ISSUE TRAFFIC INFORMATION
a. Give descriptions of vehicles, equipment, or personnel on or near the movement area of an
airport. These descriptions should help pilots easily recognize them.
"Workmen on taxiway Bravo."
"Mower to left of runway six."
"Aircraft to left of runway three-six."
"Trucks crossing approach end of runway one-eight."
b. Describe the relative position of airborne traffic in an easy to understand manner, such as "to
your right" or "ahead of you."
"Traffic, C-12 downwind to your right."
"Traffic, C-12 one mile final."
"Traffic, C-12 right base."
c. When using a certified tower radar, you may give traffic advisories using the standard
phraseologies used in radar air traffic control (ATC).
"Traffic, two o'clock, five miles, southbound, altitude unknown."
"Traffic, ten o'clock, eight miles, eastbound, converging, altitude unknown."
ISSUE WAKE TURBULENCE ADVISORIES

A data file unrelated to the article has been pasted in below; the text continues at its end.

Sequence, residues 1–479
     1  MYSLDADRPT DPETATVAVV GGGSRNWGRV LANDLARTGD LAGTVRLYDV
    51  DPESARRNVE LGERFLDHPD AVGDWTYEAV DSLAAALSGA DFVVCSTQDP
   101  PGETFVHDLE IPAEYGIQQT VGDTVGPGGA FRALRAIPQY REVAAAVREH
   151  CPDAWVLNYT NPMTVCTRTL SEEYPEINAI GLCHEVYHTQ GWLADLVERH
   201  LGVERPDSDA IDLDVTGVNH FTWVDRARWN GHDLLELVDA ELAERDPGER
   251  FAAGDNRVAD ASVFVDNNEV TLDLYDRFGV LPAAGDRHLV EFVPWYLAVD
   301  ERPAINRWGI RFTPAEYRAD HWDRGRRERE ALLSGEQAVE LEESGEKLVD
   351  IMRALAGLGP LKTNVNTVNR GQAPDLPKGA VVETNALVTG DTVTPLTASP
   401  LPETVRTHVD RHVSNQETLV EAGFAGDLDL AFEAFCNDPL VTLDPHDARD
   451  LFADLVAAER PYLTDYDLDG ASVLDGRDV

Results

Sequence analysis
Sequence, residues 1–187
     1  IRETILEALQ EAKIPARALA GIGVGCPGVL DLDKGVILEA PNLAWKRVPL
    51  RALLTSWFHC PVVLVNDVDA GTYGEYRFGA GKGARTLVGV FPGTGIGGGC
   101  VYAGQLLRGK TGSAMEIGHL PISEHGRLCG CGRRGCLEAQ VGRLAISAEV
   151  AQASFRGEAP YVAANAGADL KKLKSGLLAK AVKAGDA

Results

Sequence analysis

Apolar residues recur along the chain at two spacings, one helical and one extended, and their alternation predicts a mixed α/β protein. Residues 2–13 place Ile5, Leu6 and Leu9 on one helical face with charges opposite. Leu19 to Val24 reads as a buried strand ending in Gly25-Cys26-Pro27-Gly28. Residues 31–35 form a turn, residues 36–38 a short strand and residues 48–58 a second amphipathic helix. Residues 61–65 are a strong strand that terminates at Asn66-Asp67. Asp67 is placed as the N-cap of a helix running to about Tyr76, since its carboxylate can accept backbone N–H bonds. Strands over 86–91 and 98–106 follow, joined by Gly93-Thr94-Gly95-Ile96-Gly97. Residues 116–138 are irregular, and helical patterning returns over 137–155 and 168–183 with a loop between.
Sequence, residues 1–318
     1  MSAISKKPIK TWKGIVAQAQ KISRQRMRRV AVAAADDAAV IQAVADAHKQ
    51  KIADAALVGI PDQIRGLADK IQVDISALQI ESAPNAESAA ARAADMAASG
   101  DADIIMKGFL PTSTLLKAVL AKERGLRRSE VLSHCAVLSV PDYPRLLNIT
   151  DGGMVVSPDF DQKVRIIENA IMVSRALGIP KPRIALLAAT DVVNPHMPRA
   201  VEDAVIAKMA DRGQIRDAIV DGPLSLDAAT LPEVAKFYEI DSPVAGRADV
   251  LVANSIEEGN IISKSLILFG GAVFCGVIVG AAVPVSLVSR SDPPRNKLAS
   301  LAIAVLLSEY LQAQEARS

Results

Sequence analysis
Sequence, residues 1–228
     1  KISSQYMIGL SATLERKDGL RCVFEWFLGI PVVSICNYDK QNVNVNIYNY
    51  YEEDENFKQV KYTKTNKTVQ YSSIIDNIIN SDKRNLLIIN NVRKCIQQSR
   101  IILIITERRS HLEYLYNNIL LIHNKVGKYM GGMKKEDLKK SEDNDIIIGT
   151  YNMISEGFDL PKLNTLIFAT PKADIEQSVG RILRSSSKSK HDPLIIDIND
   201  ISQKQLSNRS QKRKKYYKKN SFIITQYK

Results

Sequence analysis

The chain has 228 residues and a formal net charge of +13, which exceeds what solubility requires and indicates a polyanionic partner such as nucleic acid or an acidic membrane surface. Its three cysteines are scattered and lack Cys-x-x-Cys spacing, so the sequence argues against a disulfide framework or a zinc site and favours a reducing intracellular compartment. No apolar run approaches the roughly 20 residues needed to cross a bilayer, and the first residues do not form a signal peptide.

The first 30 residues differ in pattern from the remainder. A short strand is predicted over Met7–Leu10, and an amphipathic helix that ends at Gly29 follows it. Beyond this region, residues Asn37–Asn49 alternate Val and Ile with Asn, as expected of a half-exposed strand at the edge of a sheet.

Wake turbulence may be met by aircraft in flight or when operating on the movement area.
Since wake turbulence is mostly unpredictable, the controller is not responsible for expecting its
existence or effect. A controller, however, should make every effort to alert the pilot to any suspected
a. Issue wake turbulence cautionary advisories (and the position; altitude, if known; and
direction of heavy jets, if applicable) to--
(1) Visual flight rule (VFR) aircraft that are not being radar vectored but are behind heavy
(2) Instrument flight rule aircraft that accept a visual approach or visual separation.
(3) VFR arriving aircraft that have been radar vectored before but the vectoring has been